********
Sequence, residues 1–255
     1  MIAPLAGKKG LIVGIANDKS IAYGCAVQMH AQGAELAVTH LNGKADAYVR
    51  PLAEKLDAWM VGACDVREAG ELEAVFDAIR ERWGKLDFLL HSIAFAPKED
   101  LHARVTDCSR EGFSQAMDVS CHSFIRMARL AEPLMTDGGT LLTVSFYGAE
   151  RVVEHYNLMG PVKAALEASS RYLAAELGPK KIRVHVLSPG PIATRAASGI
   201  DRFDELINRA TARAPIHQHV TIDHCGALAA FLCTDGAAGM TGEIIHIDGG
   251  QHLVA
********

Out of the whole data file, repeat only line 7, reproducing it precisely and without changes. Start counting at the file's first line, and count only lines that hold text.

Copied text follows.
   251  QHLVA